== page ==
First, Sowell’s description of the Dillingham Commission’s commitment to facts is inaccurate.  It was a bi-partisan committee formed in 1907 to investigate the impacts of immigration on the United States – especially the so-called “new immigrants” from Eastern and Southern Europe.  The Commission was staffed by Progressives who believed that scientific managerial methods could effectively plan large parts of society and the economy by using the power of the government.  With the exception of one member, William S. Bennet of New York, the commission was stacked with members who had previously supported immigration restrictions.

Well, Mr. Nowrasteh’s implication (two can play at that game, eh?) that the current debate is as (or more) fact-based as the study to which Sowell makes passing reference is belied by the ease with which anyone who talks about group differences is branded as a racist. Again, c.f., Jason Richwine.

The Dillingham Commission produced 42 volumes by 1911, arguing that the “new immigrants” were fundamentally different from old immigrants who came from Western and Northern Europe.  Their culture, rates of economic success, and assimilative potential were supposedly severely constrained.  Those are the same claims made by today’s immigration opponents.  The Dillingham Commission suggested that immigration restrictions (ranging from relatively modest literacy tests to outright quotas and other massive interventions) could solve this “problem.”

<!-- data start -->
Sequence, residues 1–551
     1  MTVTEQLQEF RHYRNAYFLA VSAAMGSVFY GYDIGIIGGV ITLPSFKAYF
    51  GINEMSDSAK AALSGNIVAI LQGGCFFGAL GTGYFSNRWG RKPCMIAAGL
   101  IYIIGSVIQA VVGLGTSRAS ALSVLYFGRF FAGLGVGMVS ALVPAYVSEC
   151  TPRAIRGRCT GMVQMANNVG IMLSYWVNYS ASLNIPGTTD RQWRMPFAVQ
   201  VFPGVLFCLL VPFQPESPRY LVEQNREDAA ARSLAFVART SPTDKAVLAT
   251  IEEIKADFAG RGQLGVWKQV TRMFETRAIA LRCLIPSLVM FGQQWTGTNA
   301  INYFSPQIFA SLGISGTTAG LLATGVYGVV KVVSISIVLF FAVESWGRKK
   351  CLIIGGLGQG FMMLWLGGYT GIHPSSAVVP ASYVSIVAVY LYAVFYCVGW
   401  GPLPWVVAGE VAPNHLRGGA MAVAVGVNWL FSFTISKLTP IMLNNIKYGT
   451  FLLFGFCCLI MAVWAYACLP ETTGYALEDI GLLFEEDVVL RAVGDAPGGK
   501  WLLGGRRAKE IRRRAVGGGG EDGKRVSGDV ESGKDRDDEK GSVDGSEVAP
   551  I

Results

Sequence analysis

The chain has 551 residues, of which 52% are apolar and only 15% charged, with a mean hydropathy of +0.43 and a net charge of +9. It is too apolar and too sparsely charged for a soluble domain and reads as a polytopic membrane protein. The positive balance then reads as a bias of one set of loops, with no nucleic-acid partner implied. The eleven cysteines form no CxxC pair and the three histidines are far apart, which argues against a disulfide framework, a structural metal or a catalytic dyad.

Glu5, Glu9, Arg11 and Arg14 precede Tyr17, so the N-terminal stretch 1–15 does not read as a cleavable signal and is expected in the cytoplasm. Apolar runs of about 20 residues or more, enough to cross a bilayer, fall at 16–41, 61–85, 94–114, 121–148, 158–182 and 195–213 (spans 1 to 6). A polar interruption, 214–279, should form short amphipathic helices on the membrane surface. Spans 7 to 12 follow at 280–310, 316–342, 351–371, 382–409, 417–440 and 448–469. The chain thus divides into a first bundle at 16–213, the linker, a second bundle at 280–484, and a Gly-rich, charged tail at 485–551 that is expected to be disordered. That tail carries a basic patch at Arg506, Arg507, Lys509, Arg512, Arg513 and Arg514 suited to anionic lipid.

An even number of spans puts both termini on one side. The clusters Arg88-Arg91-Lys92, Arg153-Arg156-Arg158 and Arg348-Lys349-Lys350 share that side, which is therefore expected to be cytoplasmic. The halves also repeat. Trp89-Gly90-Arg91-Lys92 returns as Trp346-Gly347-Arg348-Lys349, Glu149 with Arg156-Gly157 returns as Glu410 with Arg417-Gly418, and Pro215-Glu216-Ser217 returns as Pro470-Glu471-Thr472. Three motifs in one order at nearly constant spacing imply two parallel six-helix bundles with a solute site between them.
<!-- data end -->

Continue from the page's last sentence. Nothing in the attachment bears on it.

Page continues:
Again, Sowell’s larger point is that measurable and pronounced differences exist among groups, and those differences should not be ignored when public policy vis. immigration is debated. But Mr. Nowrasteh seems to want to use Sowell’s reference to the Commission’s study as a means to refute Sowell’s larger point. Guilt by association with Progressives?

Information gathered by the Commission that showed new immigrants succeeding and assimilating was ignored or explained away because it contrasted with the world view of the commission members.  When charitable societies started to report on questionnaire slips that large numbers of Western and Northern Europeans received aid, “the slips were returned to societies for further information or for corrections.” The Commission defined retardation for children as being behind in school – an absurd definition designed to exaggerate retardation among non-English speaking immigrant children.  In American schools, the Dillingham Commission found that 66.9 percent of Polish Jewish students and 63.6 percent of Southern Italians students were retarded.  The Dillingham Commission was intensely worried about Asian immigration.